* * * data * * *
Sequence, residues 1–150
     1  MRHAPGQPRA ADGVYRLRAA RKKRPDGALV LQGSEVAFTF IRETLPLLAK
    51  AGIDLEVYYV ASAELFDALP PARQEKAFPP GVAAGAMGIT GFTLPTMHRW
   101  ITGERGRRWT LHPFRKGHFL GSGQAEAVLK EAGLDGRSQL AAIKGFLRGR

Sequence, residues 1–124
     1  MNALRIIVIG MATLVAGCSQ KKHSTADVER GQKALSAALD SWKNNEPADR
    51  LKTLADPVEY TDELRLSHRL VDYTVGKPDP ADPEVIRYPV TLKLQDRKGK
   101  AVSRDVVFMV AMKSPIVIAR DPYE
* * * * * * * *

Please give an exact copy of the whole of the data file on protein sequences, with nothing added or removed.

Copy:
Sequence, residues 1–150
     1  MRHAPGQPRA ADGVYRLRAA RKKRPDGALV LQGSEVAFTF IRETLPLLAK
    51  AGIDLEVYYV ASAELFDALP PARQEKAFPP GVAAGAMGIT GFTLPTMHRW
   101  ITGERGRRWT LHPFRKGHFL GSGQAEAVLK EAGLDGRSQL AAIKGFLRGR

Sequence, residues 1–124
     1  MNALRIIVIG MATLVAGCSQ KKHSTADVER GQKALSAALD SWKNNEPADR
    51  LKTLADPVEY TDELRLSHRL VDYTVGKPDP ADPEVIRYPV TLKLQDRKGK
   101  AVSRDVVFMV AMKSPIVIAR DPYE